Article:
books, fall, and scarves

I know it’s just the beginning of August, but I crave fall. My favorite season seems that much farther away since we moved deeper south. Still, I can sense a change in the air, a shortening of days; the casting of shadows lengthens, and the morning feels a bit cooler (well, maybe that’s just wishful thinking). The boys and I are already reading Halloween books; I’m thinking of spicy breads and beverages, and in the morning I add an extra dash of cinnamon to our oatmeal. I’m soooo ready for the coziness of autumn!Read More »

Masks

I used to make myself up everyday. I was in my twenties, and I had a great deal of self expression, which is good, but what was truly at play was a need to put on a mask so that people wouldn’t see the real me, the vulnerable and insecure me. I was a contradiction, I wanted to be seen and hide. I thought my self worth was wrapped in how I looked and what I did for others. All in an effort to like me.Read More »

Lessons

We all begin somewhere. Not one of us is born knowing everything or anything. I watched Quinn write the beginning letters of our names, having to instruct and guide him with proper placement. As an adult, it took me a long time to realize that what I didn’t know could be learned, and what I did know could be unlearned. That there is no shame in having to find the answers or ask for help.Read More »

I’m doing a thing

We’ve been in our new town for five months. It’s been a great transition for us, but not without its challenges. This has all been an adjustment with a new state, city, home, schedule, and two littles ’round the clock.

Lately I’ve been revisiting my purpose here, you know, who and what I am outside of mom and wife. I’ve gone from running a nonprofit at a historic site to planning activities for a four year old and trying to keep the one year old from putting toys in the toilet. Really, it is so much more than that, though. I love this time with them.Read More »

Under the Pecan Tree

We walk every morning in our new town.

One of the delights about our neighborhood are the abundant pecan trees,

Which Quinn requests every time we go.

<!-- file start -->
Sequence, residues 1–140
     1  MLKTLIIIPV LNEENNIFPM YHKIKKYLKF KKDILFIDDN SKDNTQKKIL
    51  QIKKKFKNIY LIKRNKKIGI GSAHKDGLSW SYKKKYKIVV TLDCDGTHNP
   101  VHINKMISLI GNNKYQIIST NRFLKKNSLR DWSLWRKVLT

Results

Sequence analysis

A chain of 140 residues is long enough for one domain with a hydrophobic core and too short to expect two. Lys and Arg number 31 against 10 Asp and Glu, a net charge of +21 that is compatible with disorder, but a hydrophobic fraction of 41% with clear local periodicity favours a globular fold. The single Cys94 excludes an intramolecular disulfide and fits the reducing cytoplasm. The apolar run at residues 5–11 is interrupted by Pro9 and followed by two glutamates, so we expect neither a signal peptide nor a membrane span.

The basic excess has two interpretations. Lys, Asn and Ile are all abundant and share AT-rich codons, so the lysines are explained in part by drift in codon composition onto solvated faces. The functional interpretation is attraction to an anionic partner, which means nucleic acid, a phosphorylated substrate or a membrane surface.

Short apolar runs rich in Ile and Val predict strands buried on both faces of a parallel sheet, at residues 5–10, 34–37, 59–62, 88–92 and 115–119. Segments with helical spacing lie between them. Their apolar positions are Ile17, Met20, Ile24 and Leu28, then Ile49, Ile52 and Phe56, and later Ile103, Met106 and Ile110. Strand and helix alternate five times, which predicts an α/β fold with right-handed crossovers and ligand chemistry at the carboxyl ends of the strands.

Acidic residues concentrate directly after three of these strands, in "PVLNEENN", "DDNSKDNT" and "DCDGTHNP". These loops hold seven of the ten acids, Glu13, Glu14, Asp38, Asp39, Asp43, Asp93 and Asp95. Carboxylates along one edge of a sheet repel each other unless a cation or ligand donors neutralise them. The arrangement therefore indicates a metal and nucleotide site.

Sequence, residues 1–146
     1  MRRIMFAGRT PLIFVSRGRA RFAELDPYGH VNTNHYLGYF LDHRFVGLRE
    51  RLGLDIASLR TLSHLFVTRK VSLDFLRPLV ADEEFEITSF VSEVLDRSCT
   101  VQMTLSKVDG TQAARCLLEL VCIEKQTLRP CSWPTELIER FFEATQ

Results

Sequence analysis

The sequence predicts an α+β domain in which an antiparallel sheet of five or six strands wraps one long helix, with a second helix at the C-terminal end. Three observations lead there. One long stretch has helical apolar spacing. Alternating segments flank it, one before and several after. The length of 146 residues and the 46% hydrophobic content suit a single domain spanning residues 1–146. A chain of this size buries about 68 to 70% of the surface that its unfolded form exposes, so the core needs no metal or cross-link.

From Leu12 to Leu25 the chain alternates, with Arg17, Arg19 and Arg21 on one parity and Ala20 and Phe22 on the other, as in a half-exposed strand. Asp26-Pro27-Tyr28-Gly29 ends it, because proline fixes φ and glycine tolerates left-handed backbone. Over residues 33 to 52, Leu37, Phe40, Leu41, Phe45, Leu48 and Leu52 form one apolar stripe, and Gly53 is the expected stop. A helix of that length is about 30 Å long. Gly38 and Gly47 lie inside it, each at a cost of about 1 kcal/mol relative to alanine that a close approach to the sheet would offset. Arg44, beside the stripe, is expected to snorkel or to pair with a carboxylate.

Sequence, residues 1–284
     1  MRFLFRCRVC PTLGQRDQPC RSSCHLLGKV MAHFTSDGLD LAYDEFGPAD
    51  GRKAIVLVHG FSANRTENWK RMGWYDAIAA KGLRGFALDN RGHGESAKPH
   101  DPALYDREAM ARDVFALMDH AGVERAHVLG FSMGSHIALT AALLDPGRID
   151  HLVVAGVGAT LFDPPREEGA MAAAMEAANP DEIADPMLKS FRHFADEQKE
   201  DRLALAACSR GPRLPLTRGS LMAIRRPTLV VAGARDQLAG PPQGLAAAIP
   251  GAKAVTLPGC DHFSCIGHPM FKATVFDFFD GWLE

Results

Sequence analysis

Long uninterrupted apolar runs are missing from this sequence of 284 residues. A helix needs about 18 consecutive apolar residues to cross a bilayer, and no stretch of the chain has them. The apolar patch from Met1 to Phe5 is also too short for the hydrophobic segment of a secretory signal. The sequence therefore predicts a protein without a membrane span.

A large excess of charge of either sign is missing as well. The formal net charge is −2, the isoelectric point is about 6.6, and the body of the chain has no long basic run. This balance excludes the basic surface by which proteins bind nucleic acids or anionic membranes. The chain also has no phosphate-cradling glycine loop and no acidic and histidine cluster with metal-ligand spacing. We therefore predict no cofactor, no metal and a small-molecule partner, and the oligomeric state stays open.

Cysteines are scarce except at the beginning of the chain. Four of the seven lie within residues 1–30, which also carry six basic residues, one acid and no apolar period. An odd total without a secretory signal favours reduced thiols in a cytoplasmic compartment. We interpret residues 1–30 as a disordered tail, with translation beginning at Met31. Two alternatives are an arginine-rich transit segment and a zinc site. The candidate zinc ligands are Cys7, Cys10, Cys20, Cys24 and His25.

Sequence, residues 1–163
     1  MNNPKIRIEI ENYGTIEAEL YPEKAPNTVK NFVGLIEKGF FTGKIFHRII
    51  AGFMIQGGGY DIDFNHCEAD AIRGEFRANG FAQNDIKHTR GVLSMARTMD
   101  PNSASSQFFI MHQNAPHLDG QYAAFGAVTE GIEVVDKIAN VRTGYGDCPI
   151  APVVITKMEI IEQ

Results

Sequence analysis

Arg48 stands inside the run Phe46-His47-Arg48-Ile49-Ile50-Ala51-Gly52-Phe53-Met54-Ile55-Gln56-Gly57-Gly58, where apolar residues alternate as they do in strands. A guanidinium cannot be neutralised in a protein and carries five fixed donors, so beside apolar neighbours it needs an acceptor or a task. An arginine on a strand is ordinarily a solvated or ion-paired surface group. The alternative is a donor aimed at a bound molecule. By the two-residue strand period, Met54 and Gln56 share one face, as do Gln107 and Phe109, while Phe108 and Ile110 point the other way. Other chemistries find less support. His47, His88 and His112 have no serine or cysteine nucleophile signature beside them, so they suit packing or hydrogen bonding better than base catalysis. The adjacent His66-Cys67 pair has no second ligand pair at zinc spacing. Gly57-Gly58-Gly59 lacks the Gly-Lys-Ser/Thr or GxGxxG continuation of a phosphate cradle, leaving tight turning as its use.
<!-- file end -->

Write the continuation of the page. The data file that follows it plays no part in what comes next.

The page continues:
We scour the ground on Tuskeena Street, under the shade of the pecan trees.

We look for the lightest colored shells, they usually give us the sweetest nuts.

We smash them under our shoe. Quinn brings his heel down, shoes flashing green.

The nut rolls, I bring it back to him.

He tries again, it’s almost pulverized. We check to see if it’s a good nut.

My little boy, so young, has already learned about bitterness.

“This looks like a good nut, Mommy.”

It was, plump, sweet, giving.

We stand there, sharing the moment.

I see the early Autumn sun shining on him, his brother. There’s a cool breeze.

I am reminded of these moments with the women in my life.

My memory is of picking black berries with my grandmother,

Watching her tat with strings pulled from grain bags.

Walking out to the field so that she can dig up thistles. She had her own personal vendetta against them.

They were as prickly as she was.

My mom gave me an appreciation of old things, antiques, historic sites, experiences.

We gardened together.

I remember her diligently taking care of me while I was sick.

She showed me what love is.

Imperfectly.

I look at my son’s darkening hair in the sun, his blond locks long cut off.

I have a thought that I am creating a memory for my children. For Quinn.

He, too, will look back on this with fondness.

He, too, will say my mother loved me.

Imperfectly.

August, Remembered

There are two dates that I alone remember outside of the boys birthdays and our anniversary.

They are the dates of the one I lost.

It was barely a whisper of time.

A faint heartbeat.

silence

And then such immeasurable loss.

I woke up on that August 22nd morning, knowing.

Feeling the weight, the sadness envelop.

Unable to control my body.

Powerless.

What is happening?

Nature, but…

Please, don’t go…

March 30, 2016 was supposed to be a day of joy.

Now it is of rememberance.

I feel this one was a boy.

August, potentially.

This is the one whose name I have written on my heart.

June 2015


Urban Garden

The five month old decided it was time to get up at 5:00 am. Usually I’ll put the stars and moon projector on to entertain him while I get the coffee percolating. We lay in bed together till the coffee is ready, just about the time the lucious aroma reaches the bedroom I know it’s time to get up. 

I love these mornings, when the house is still, the birds morning song is serenading us, and Finis is happily bouncing in his saucer, or quietly daydreaming. I take this time to knit or crochet, sipping guzzling my coffee in my favorite Sally mug. This self care fills me up.  

Two of these, please

I grew up on a farm during my formative years, it was a wonderful experience. After taking Quinn to the local fruit and berry patch, I knew I wanted him to have some kind of experience that resulted in outdoor life and developing an appreciation for fresh grown food and caring for our environment. The garden started when Quinn was two years old and quite the connoisseur of blueberries. Our purchase of two bushes happened just at the time that Calvin was over mowing the yard. So began our foray into urban gardening yardening. It seems like every time Calvin mows what’s left of the yard he comes in sweaty, sneezing, and covered in grass clippings with a new idea on how to get rid of landscape the yard.

My husband has created a little oasis in our back yard. 

Planting potatoes

This morning we met our neighbor and a photographer for a photo shoot. We will be featured  in a book of neighborhood garden stories. It’s so exciting to be part of this project. (Thanks, Terry!)

Our busy day ended with a neighborhood yarn bomb project for the marathon water stop. More on that in an upcoming post. But for now…